King County’s Education Campaign on VoIP and E911
I was looking in a recent issue of Computer Source Magazine, a Seattle tech publication. There was an ad in there from King County (Seattle is in King County), which explains that NOT ALL VoIP/Broadband Phone carriers provide full access to Enhanced 9-1-1 service. The first page of the linked PDF was in the magazine, my guess is the rest is part of a brochure that you can pick up from somewhere. There is also an information website regarding VoIP and E911 that King County has put together.
A good old-fashioned education campaign is a far cry from that place in Texas that sued Vonage for not having proper 911 service. However, there is at least one error in their education campaign.
As far as I know, 911 calls from Wireless phones do not always go to the right place as they claim they do on this site. They may in King County, or they may in other areas in western Washington, but I wouldn’t bet on it either. I’ve also heard stories of landline 911 calls not getting routed to the right place either, though I think those were mostly in the Eastern US. Granted, landlines are generally viewed as having more reliable 911 service, and mobile phones come in second, but let’s be honest.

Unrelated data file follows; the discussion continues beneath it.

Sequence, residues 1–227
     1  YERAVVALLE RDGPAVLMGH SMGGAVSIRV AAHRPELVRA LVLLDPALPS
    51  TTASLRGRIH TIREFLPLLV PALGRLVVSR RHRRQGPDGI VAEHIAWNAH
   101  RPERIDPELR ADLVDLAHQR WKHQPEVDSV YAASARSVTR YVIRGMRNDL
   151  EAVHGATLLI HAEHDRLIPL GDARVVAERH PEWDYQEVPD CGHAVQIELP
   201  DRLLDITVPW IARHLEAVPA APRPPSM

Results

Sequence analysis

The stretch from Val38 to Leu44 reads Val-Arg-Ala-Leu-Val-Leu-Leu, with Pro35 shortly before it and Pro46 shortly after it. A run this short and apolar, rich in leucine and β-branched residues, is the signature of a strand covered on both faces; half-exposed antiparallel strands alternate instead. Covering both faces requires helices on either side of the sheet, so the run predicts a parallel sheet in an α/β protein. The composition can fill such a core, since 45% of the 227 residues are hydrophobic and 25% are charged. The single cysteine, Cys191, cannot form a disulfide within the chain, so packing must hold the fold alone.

The other error is the funding source for VoIP/Broadband 911. While they are right, the governments aren’t allowed to assess a 911 tax on VoIP lines, there are other ways of getting that money that do not involve taxing the VoIP service, as they seem to suggest. Instead of making every VoIP telephone service provider comply with thousands of different tax structures and rules, the 911 tax (or whatever is called) should be taxed at the entry point to the network, i.e. at the company who provides the pipe to your house. In most cases, this means either the local telco or the cable company. They already have to collect taxes for the government, what’s one more?